Of course starting from the bottom is a good way to break into any industry, but we would remiss if we didn’t explore creative ways to break in with more immediate results. Creative shortcuts are more exploratory methods that allow people without any previous experience to open doors that might have otherwise been closed. It’s not the path of resistance, but more like the path of exploration. It’s the road less travelled, but when you arrive at your destination it won’t really matter. Here are a three ways to break into the oil industry.
Get a Job At An Oil Trading Company
You don’t need to be on-site to be in the oil business. You don’t even need to be near a gas station or own a lawnmower, an electric car will do. Trading a commodity such as oil can be so financially rewarding, it’s no wonder top trading companies such as Vitol, Glencore, and Cargill earn a combined half a trillion dollars in revenue every year.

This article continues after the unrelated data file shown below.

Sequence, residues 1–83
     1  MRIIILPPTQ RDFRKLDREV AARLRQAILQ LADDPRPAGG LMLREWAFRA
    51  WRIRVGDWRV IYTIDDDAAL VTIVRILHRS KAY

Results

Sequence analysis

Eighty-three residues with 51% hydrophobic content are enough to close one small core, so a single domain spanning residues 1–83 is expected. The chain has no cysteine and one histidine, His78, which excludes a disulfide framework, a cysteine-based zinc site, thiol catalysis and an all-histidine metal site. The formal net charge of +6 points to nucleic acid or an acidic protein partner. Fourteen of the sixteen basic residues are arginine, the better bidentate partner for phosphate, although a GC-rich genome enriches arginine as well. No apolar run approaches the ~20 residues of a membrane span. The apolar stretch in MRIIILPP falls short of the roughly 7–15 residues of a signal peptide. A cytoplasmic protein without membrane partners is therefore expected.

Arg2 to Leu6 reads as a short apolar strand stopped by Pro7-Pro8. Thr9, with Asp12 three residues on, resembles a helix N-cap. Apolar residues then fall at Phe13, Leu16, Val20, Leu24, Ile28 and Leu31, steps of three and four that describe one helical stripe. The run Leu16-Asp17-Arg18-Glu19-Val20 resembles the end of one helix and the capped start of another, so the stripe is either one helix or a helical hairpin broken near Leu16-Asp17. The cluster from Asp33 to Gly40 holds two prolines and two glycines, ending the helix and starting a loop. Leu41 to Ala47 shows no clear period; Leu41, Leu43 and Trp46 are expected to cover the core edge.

If you can’t land a job at the top 20 trading companies, then start with a small investment firm and specialize in oil trading or even brokerage. An oil broker is a paid middleman who arranges transactions involving the purchase and sale of oil. In most cases, brokers are generally licensed securities traders but others conduct remote trades over the telephone or the internet.
Investment firms often recruit college graduates who completed degree programs in topics such as finance to work as brokers. Some firms tend to look for people who have completed post-graduate degree programs in mathematics or related subjects since these individuals can usually make quick calculations involving large sums.